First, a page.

In the final twist of Locke & Key’s first season, it was revealed that the demon Dodge had taken the form of Kinsey’s boyfriend Gabe (and unfortunately, the “Dodge” they sent through the Omega Door was actually Ellie in disguise.) Furthermore, an unnamed creature shot out from the door and took over the body of Kinsey’s rival Eden. Unlike Dodge, this new Eden is not an immortal echo, but they are dangerous — and ravenous too.
While Eden and Gabe are major antagonists in Season 2 of the Netflix show, unlike the Locke kids, they’re not from the Locke & Key comics. Instead, star Hallea Jones, who plays Eden, drew inspiration from characters like Mean Girls’ Regina George and Jennifer in Jennifer’s Body to build out her performance. “It was nice to combine the Jennifer’s Body perspective ... [Megan Fox’s character is] such a great icon for the blood-loving crazy girl thing,” Jones told Nerds of Color.
Unlike Dodge/Gabe, who is trying to fly under the radar to obtain more keys from the Lockes, Eden “doesn’t really care” about masking her true identity but “knows she has to,” Jones explained. “A lot of Season 2 is Eden being [like], ‘I really don’t want to hide [myself],’ but if she exposes she’s a demon, Gabe will not be very pleased about that.”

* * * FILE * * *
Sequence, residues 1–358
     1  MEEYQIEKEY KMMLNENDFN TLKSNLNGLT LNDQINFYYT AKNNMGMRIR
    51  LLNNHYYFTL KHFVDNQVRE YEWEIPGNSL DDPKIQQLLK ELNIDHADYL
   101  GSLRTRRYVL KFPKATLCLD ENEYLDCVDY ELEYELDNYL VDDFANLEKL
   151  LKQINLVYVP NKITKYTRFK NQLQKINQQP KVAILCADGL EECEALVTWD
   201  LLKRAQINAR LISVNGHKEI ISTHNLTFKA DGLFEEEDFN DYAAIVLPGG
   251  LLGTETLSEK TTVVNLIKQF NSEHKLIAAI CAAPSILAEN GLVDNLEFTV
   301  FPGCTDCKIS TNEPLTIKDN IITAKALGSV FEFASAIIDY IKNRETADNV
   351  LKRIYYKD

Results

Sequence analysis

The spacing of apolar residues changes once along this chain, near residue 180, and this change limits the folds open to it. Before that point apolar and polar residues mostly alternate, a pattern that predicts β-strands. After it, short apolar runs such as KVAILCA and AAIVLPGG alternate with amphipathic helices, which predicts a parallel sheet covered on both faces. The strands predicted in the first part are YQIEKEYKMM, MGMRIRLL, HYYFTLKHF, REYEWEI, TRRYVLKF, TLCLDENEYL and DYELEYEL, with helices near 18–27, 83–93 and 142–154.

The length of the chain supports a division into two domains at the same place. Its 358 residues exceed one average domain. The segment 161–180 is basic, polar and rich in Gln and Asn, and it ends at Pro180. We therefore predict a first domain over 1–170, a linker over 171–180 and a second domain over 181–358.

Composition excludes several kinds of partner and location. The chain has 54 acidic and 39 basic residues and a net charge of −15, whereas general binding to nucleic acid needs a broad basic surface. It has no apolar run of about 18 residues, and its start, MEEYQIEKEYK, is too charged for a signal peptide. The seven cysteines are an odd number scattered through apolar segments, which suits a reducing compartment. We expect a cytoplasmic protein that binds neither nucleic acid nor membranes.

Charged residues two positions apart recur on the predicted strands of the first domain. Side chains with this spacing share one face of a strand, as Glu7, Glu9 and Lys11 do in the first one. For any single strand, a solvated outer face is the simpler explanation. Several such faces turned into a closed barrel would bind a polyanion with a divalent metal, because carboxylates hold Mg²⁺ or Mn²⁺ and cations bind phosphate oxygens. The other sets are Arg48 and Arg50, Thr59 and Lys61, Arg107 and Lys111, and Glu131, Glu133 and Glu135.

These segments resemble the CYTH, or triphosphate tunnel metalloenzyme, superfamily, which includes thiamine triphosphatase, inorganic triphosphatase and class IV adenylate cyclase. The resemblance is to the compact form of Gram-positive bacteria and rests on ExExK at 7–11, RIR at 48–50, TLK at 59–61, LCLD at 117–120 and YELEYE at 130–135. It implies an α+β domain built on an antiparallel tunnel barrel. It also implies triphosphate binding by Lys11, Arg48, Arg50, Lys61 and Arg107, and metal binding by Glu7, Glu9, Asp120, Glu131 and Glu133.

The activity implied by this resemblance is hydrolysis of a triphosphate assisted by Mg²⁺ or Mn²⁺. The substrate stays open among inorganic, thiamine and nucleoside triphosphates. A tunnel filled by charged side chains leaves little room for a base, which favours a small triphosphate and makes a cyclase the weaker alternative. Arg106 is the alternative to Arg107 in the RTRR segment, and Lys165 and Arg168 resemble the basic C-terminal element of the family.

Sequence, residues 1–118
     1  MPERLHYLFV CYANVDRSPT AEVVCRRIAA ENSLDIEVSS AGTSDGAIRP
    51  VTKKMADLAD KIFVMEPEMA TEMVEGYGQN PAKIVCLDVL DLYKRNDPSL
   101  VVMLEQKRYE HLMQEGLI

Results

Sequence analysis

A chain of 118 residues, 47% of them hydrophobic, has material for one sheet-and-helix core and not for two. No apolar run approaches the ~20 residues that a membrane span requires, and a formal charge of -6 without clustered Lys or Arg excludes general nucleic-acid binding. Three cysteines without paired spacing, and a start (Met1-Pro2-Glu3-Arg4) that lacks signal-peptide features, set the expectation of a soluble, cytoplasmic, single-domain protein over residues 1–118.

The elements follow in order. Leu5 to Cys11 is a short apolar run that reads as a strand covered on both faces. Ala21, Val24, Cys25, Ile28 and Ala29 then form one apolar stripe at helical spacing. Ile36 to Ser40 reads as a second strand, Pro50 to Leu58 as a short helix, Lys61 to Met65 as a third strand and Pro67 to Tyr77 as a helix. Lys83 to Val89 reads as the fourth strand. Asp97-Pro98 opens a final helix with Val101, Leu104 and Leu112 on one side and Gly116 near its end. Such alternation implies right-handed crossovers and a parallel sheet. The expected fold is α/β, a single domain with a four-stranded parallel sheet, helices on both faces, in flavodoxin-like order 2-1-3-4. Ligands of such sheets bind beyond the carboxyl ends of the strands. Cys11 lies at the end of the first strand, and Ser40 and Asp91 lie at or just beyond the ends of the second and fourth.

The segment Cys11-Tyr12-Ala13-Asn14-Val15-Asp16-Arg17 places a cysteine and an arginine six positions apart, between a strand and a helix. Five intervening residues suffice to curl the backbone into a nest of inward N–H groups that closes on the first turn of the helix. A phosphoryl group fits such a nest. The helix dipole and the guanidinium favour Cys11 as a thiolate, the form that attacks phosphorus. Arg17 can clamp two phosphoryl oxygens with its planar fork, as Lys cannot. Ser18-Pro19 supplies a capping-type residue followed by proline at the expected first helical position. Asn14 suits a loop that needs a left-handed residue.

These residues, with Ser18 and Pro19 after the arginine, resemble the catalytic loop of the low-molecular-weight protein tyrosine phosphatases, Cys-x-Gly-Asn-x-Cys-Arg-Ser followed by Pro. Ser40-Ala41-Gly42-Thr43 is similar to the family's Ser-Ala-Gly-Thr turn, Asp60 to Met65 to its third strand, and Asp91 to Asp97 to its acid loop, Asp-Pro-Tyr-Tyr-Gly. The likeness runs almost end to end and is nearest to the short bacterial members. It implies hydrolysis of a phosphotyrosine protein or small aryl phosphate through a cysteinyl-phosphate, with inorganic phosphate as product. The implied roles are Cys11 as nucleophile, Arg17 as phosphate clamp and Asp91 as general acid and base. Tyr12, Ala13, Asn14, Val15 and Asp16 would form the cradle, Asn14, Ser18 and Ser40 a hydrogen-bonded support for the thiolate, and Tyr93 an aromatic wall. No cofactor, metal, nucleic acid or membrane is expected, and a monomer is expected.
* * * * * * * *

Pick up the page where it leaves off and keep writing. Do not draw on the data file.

Jones described this new version of Eden as “unhinged and chaotic.” Though she tries to blend in at school to avoid angering Dodge/Gabe, outside of it she’s “much darker and sexier in ways” than the original Eden, and Jones worked with the show’s costume designer to reflect that in her clothes.
The fact that Eden is not from the comics but has such a large role this season makes it even harder to predict what Dodge’s plan is, particularly for comic book readers who may have thought they could rely on their previous knowledge of the story. However, the show was always meant to diverge from the comics.
“We consulted with [comic writer] Joe [Hill] a lot. There wasn’t a major decision made in Season 1 that we didn’t consult with him about. He’s brimming with great ideas and is the most wonderful collaborator in that he’s always throwing out ideas, but he’s not precious about the material,” co-showrunner Carlton Cuse told The Hollywood Reporter in 2020. “I think he and [comic artist] Gabriel [Rodriguez] both believe that the material they created in the comic exists in its perfect form in the comic, and they’re both very open in their attitude about how the TV show needs to be its own thing.”